Tuesday, June 6, 2017

Blaster MetroidVania

Well, I've been working on the next game, but not saying much.  Mostly because the majority of my free time involves working on fixing things in my new house, or getting ready for the arrival of a new baby in a couple weeks.  So when I do manage to squeeze in some development, I don't have time to say much about it.

That said, I've found someone to collaborate with on the next game, so things are moving forward!  We're doing a metroidvania-style Blaster Master-inspired adventure.

First things first, while Frankengraphics is working on some preliminary art, I'm trying to get a scrolling engine working.  Which on the NES, is a beast.  The nametables (the chunk of video memory that tells the graphics chip which background tiles to draw where) work somewhat similarly to how they worked on the GBA, but with a few things that make the whole thing more complicated, the primary ones being a slow processor, and a slow and unwieldy method for accessing video memory.

The biggest hassle is doing the math to keep track of what address corresponds to what location on the screen, once the screen starts scrolling around.  I won't go into detail now (I'm too tired -- see this post from Spacey McRacey which talks about some of it), but it's math that's simple until you have to do it quickly on a primitive 6502.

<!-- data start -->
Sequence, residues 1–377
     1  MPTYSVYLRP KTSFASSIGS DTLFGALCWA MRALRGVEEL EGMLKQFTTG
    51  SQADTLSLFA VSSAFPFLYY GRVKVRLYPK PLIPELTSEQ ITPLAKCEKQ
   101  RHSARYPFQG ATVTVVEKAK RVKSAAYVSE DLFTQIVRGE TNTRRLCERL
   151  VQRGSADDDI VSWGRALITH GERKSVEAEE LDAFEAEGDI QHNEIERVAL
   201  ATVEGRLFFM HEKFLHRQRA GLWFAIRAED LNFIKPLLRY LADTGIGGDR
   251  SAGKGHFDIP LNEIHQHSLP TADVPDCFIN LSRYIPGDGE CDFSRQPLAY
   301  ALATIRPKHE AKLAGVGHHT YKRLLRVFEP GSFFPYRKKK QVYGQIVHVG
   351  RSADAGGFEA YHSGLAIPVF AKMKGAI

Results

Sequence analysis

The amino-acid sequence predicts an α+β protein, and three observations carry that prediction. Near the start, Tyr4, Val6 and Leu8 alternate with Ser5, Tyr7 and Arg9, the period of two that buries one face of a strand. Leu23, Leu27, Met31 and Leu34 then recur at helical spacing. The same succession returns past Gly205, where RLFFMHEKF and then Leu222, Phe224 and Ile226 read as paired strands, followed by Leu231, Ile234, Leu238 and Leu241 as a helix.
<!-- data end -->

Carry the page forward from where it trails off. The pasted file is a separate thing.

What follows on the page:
All that to say, getting a multidirectional scrolling engine working isn't quick work.

Tonight, I got fed up with trying to debug my function that renders a new column of tiles when scrolling left or right, and decided it was time to add some on-screen debugging.  Usually with any project, there's a point where I get fed up enough to write some decent on-screen debugging features, and that time is now.  The trick is, because I'm trying to debug background tile rendering, I need to make my debugging tools use sprites instead.  So while normally a text system on the nes is rendered using background tiles (because the nes can only render 8 sprites per scanline), I'm going to display it using sprites for now.  Which means no matter how badly I goof up the background layout, I should be (in theory) able to see debug information on the screen as sprites.

I haven't gotten very far with the debugging system yet.  Mainly because I don't have any sprite code at all yet, so I need to start from zero.  That was tonight's goal: get some basic functions set up for rendering general sprites.  Then next time I can add some debug functions that dump data to the screen.

Ok, bedtime.  I realize this post has been pretty rambly and incoherent.  I guess that means I'm tired.

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